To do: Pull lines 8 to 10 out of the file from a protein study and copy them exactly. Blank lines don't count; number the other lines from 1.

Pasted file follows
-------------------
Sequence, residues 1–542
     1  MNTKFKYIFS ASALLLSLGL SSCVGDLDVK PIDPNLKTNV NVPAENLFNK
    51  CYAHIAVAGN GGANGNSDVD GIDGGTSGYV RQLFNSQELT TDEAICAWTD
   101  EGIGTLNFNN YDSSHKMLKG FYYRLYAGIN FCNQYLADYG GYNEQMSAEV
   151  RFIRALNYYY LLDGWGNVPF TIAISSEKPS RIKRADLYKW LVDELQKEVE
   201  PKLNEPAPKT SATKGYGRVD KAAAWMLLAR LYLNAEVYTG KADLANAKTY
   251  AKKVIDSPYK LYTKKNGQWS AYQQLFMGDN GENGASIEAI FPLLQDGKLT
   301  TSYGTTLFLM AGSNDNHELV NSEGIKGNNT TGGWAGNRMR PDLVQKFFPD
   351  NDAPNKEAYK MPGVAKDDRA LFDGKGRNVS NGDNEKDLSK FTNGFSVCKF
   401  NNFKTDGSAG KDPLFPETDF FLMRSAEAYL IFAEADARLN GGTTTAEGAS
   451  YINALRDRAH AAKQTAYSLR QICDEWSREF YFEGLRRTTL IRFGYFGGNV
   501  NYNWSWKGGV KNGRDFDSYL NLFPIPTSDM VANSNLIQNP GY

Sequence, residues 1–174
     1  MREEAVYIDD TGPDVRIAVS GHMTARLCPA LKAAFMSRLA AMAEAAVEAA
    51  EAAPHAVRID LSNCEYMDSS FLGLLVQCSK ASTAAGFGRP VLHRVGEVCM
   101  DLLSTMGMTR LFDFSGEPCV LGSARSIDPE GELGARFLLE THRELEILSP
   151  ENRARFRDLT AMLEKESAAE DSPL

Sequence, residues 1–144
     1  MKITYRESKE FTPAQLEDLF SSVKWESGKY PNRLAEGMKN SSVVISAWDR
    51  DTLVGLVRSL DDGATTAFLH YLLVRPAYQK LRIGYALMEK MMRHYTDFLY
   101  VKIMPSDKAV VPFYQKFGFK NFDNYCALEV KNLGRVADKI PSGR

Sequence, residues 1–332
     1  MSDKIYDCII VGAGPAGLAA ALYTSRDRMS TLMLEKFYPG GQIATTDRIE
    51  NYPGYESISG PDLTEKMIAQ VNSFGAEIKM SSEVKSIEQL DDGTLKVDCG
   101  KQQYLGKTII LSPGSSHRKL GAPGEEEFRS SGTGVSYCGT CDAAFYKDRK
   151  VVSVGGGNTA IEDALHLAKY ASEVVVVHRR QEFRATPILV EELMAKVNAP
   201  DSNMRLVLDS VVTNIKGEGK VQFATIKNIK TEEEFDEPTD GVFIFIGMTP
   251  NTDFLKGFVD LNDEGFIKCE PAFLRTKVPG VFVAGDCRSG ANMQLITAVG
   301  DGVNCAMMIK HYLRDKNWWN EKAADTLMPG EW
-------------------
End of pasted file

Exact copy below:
   301  TSYGTTLFLM AGSNDNHELV NSEGIKGNNT TGGWAGNRMR PDLVQKFFPD
   351  NDAPNKEAYK MPGVAKDDRA LFDGKGRNVS NGDNEKDLSK FTNGFSVCKF
   401  NNFKTDGSAG KDPLFPETDF FLMRSAEAYL IFAEADARLN GGTTTAEGAS